Researchers from the University of California at Davis looked Tuesday at the likely farm costs of the drought in 2015.
A first of its kind regulatory plan approved by North Coast water quality officials Thursday now requires marijuana growers to register their operations and prove they are practicing environmentally responsible farming methods.
Its harvest time in the Salinas Valley, and produce from the “Salad Bowl of the World” is ready for the dinner table. But in this the land of plenty, there is a big shortage of farm workers.
In Napa Valley, home to some of California’s prized vineyards, the vines are looking healthy, despite the state’s historic drought, reports CBS News correspondent Ben Tracy.
In one of the nation’s most expensive and beautiful areas, small family farms sit on property that could fetch millions if sold to developers. In Marin County, a land trust called MALT is helping keep pastoral places undeveloped forever.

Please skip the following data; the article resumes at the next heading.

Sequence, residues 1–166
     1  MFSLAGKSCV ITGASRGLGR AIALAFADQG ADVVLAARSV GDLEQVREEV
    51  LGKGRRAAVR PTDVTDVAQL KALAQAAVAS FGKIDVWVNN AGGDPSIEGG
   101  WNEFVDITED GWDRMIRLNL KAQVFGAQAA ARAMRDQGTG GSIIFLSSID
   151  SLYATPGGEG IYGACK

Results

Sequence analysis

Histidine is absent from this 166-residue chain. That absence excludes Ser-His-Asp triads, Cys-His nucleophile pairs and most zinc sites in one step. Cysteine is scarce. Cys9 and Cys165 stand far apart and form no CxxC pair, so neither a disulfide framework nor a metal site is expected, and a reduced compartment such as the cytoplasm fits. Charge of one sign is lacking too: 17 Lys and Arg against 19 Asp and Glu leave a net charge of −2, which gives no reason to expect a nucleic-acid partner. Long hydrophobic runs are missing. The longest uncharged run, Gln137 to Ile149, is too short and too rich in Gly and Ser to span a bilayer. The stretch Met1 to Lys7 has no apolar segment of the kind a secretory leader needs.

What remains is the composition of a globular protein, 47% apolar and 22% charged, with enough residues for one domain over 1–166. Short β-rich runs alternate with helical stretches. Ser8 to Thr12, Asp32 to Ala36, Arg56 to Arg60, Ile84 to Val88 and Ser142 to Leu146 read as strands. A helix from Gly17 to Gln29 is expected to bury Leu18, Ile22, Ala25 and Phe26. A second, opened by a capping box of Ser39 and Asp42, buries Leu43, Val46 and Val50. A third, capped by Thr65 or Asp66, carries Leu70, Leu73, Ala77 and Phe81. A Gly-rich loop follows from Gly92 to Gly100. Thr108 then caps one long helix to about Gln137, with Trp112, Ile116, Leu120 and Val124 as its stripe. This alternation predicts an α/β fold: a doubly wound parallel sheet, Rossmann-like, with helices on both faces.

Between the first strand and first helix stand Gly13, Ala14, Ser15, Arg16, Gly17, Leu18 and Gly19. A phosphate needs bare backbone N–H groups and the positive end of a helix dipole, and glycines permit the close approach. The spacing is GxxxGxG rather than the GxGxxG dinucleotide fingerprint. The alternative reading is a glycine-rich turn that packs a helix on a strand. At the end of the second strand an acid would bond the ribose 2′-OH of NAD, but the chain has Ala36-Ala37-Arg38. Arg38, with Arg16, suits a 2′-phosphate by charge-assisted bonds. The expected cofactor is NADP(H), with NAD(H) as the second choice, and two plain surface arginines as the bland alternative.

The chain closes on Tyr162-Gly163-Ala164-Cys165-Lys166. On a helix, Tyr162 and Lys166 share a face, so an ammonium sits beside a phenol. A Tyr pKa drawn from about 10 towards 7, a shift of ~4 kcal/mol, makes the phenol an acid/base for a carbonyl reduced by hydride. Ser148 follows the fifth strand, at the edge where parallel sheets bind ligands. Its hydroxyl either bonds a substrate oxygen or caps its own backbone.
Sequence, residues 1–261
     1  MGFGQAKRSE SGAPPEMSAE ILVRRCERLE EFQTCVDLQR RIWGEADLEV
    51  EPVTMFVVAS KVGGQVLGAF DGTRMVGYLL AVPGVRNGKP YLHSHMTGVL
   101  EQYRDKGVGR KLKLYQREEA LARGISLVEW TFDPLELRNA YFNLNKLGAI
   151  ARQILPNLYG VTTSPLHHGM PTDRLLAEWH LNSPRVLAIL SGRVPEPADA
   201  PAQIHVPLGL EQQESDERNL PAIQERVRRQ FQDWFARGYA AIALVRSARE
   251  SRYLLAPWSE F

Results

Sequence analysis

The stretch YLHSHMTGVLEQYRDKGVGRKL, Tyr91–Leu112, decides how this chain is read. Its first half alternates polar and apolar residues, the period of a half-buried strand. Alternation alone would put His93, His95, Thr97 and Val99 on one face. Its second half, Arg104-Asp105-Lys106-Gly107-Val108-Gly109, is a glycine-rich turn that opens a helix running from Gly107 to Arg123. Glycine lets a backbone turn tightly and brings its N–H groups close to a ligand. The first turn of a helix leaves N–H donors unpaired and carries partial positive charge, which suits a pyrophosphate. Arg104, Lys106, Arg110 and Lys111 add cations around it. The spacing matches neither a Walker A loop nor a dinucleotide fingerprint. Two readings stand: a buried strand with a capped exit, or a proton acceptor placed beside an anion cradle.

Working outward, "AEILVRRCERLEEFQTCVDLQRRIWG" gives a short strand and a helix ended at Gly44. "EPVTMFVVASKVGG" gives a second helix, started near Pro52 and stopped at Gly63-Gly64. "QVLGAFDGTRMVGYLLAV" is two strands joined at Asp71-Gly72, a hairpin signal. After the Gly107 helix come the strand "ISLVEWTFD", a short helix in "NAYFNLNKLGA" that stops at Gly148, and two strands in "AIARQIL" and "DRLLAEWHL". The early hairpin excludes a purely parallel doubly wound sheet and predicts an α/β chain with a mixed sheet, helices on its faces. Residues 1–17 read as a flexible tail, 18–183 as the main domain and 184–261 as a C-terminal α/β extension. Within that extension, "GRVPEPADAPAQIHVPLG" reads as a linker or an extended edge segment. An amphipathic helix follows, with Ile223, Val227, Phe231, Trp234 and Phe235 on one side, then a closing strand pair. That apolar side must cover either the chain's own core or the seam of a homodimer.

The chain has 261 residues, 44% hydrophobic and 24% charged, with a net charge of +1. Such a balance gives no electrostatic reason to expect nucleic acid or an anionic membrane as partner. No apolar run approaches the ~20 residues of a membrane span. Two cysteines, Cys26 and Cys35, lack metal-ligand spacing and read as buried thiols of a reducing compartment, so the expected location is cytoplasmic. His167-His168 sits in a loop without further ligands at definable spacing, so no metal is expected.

Researchers said the overwhelming majority of Americans could be fed entirely by food grown or raised within 100 miles of their homes.
A group of California farmers, in a surprising turnaround, is volunteering to give up a fourth of its available water this year, sharing a resource all but guaranteed to them for more than a century.
A drone large enough to carry tanks of fertilizers and pesticides has won rare approval from federal authorities to spray crops in the United States.
California’s Central Valley Sinking Faster Than Ever Before As Farmers Drill For Water During Drought
California’s Central Valley is sinking at a rate never before seen during the state’s historic drought, and farmers are shouldering some of the blame for the damage that sinking is causing.
As California enters its 4th year of drought, the state’s multi-billion almond crop is helping drive a sharp debate about water use.